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1.  Long-Term Exposure to Air Pollution and Cardiorespiratory Disease in the California Teachers Study Cohort 
Rationale: Several studies have linked long-term exposure to particulate air pollution with increased cardiopulmonary mortality; only two have also examined incident circulatory disease.
Objectives: To examine associations of individualized long-term exposures to particulate and gaseous air pollution with incident myocardial infarction and stroke, as well as all-cause and cause-specific mortality.
Methods: We estimated long-term residential air pollution exposure for more than 100,000 participants in the California Teachers Study, a prospective cohort of female public school professionals. We linked geocoded residential addresses with inverse distance-weighted monthly pollutant surfaces for two measures of particulate matter and for several gaseous pollutants. We examined associations between exposure to these pollutants and risks of incident myocardial infarction and stroke, and of all-cause and cause-specific mortality, using Cox proportional hazards models.
Measurements and Main Results: We found elevated hazard ratios linking long-term exposure to particulate matter less than 2.5 μm in aerodynamic diameter (PM2.5), scaled to an increment of 10 μg/m3 with mortality from ischemic heart disease (IHD) (1.20; 95% confidence interval [CI], 1.02–1.41) and, particularly among postmenopausal women, incident stroke (1.19; 95% CI, 1.02–1.38). Long-term exposure to particulate matter less than 10 μm in aerodynamic diameter (PM10) was associated with elevated risks for IHD mortality (1.06; 95% CI, 0.99–1.14) and incident stroke (1.06; 95% CI, 1.00–1.13), while exposure to nitrogen oxides was associated with elevated risks for IHD and all cardiovascular mortality.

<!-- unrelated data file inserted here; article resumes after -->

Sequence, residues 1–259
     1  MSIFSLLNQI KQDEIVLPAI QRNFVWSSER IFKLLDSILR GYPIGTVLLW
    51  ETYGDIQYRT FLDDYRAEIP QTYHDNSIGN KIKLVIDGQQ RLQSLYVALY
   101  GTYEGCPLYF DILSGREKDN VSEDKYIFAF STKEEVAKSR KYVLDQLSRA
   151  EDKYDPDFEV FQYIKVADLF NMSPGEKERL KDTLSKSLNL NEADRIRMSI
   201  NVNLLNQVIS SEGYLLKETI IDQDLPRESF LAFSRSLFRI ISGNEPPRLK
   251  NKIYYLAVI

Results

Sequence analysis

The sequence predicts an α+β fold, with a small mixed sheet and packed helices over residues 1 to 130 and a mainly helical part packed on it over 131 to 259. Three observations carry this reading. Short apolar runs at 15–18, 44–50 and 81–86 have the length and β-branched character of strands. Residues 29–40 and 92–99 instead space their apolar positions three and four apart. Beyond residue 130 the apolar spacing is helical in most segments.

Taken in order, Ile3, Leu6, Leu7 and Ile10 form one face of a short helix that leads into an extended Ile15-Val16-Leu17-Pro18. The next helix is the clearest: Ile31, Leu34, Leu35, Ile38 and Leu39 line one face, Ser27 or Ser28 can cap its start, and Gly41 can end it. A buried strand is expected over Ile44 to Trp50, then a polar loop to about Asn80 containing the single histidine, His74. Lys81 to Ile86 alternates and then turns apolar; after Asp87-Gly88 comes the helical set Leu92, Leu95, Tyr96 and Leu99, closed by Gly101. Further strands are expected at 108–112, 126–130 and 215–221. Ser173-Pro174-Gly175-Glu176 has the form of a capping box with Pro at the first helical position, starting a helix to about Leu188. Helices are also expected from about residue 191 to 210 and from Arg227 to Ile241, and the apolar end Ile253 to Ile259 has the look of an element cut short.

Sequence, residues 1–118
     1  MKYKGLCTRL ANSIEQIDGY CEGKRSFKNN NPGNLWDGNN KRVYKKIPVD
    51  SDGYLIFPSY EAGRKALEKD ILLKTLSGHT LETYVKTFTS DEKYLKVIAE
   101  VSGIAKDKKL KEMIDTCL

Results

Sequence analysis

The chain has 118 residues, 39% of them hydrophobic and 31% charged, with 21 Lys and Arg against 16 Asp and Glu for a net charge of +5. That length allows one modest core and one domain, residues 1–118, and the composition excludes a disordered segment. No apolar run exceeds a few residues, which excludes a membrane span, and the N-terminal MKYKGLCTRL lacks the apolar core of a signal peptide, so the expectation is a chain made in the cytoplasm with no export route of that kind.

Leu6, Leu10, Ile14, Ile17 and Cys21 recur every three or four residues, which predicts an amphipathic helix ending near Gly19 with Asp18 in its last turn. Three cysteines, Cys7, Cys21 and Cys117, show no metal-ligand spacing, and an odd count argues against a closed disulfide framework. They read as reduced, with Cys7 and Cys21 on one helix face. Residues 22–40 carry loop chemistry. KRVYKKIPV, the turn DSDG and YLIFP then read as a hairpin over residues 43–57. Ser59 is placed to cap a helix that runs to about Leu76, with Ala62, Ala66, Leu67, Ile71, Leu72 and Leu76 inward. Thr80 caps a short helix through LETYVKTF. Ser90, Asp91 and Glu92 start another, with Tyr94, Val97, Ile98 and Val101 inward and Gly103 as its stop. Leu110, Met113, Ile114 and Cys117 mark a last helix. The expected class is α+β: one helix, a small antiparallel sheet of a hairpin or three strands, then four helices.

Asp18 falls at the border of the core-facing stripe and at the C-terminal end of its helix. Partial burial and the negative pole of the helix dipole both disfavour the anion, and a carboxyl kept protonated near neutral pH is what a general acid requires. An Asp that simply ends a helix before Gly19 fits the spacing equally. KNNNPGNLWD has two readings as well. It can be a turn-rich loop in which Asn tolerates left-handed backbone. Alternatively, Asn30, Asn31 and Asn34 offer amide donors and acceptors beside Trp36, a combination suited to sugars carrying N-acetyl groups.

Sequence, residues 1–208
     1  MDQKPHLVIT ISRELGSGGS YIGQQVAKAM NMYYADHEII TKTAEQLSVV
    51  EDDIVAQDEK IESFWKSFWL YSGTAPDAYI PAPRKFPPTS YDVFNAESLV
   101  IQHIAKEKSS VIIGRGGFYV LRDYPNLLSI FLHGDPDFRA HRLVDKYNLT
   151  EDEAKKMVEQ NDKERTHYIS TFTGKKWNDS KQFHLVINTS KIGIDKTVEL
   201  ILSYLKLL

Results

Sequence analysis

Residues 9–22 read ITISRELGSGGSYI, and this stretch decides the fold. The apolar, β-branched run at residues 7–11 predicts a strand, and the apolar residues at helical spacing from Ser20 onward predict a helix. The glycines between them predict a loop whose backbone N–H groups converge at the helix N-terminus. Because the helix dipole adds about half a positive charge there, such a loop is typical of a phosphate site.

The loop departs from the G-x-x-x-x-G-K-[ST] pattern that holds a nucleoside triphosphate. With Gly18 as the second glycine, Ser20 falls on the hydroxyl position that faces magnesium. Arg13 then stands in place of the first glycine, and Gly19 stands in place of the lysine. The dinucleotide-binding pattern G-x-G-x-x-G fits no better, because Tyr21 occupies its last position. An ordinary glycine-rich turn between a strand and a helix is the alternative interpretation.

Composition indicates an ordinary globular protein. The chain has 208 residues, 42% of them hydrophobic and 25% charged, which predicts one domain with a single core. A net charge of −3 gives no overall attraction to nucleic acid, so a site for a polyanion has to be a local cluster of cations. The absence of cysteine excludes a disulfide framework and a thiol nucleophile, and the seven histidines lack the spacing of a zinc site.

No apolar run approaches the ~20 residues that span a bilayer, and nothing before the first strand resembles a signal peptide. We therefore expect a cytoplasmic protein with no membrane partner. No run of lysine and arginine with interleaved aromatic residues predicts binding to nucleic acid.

Conclusions: This study provides evidence linking long-term exposure to PM2.5 and PM10 with increased risks of incident stroke as well as IHD mortality; exposure to nitrogen oxides was also related to death from cardiovascular diseases.
PMCID: PMC3208653  PMID: 21700913
particulate matter; cardiovascular diseases; air pollutants; epidemiology
2.  Coarse Particles and Heart Rate Variability among Older Adults with Coronary Artery Disease in the Coachella Valley, California 
Environmental Health Perspectives  2006;114(8):1215-1220.
Alterations in cardiac autonomic control, assessed by changes in heart rate variability (HRV), provide one plausible mechanistic explanation for consistent associations between exposure to airborne particulate matter (PM) and increased risks of cardiovascular mortality. Decreased HRV has been linked with exposures to PM10 (PM with aerodynamic diameter ≤ 10 μm) and with fine particles (PM with aerodynamic diameter ≤ 2.5 μm) originating primarily from combustion sources. However, little is known about the relationship between HRV and coarse particles [PM with aerodynamic diameter 10–2.5 μm (PM10–2.5)], which typically result from entrainment of dust and soil or from mechanical abrasive processes in industry and transportation. We measured several HRV variables in 19 nonsmoking older adults with coronary artery disease residing in the Coachella Valley, California, a desert resort and retirement area in which ambient PM10 consists predominantly of PM10–2.5. Study subjects wore Holter monitors for 24 hr once per week for up to 12 weeks during spring 2000. Pollutant concentrations were assessed at nearby fixed-site monitors. We used mixed models that controlled for individual-specific effects to examine relationships between air pollutants and several HRV metrics. Decrements in several measures of HRV were consistently associated with both PM10 and PM10–2.5; however, there was little relationship of HRV variables with PM2.5 concentrations. The magnitude of the associations (~ 1–4% decrease in HRV per 10-μg/m3 increase in PM10 or PM10–2.5) was comparable with those observed in several other studies of PM. Elevated levels of ambient PM10–2.5 may adversely affect HRV in older subjects with coronary artery disease.